While virtual reality dominated South by Southwest, there was another imaging concept that got a fraction of the spotlight: 360-degree video.
Cameras that offer 360-degree panoramas use four or more lenses to simultaneously capture images or videos, and stitches them together into a single frame or video clip using a rendering process that takes place either in the camera or via outside software. These new cameras have no built-in viewfinder, but do allow the user to get a view of live capture via a mobile application. For the most part, users attach a selfie-style stick or tripod to elevate the camera and enhance the experience and output.
On the exhibition floor, VSN Mobile had its V.360 camera on display, and others including Kodak’s PixPro SP 360 and the Ricoh Theta spotted in the crowd of snap-happy photographers. Outside of the show floor, the Kickstarter-funded Bublcam showed up along with founder Sean Ramsay. The crowdfunding campaign for the camera raised more than three times the $100,000 ask, with finished products on the way to selected backers in soon.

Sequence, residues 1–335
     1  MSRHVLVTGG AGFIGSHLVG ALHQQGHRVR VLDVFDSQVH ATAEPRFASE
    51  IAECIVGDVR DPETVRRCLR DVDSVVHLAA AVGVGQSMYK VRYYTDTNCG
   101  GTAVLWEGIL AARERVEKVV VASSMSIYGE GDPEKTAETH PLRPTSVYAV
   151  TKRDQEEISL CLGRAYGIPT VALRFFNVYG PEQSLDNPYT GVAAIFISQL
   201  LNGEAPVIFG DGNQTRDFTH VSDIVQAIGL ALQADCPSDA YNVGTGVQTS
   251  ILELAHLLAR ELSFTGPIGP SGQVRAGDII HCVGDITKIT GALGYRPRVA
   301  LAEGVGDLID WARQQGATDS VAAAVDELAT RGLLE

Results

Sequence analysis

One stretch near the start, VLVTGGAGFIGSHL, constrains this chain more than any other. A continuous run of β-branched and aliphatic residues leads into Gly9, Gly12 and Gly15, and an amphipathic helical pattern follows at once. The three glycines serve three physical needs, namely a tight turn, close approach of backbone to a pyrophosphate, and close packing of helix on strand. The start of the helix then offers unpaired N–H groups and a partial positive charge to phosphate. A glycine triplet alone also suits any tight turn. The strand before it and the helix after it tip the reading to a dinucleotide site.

On day three of SXSW, I had a chance to go hands-on with the Bublcam, walking down Austin’s 6th Street. For photographers and videographers, the lack of an in-camera viewfinder takes some getting used to. Using a second device to keep track of what you are shooting works well, but remains somewhat awkward for old-school camera buffs.
As Ramsay explained, the 360-degree camera shouldn’t be thought of as a replacement, but more of an accessory. The ability to intersperse 360-degree footage with that taken by a traditional video camera can create a compelling experience for the viewer.
It’s an innovative technology, and one that has plenty of use-cases, including video monitoring. But there are creative possibilities too: Imagine Google Street View-type imagining for the everyday user… or maybe, almost everyday user. Such devices remain prohibitively expensive for plenty of us. But as their popularity grows, perhaps it won’t be too long until more of us can start capturing the entirety of the world around us.
Screengrab via Allen Weiner/YouTube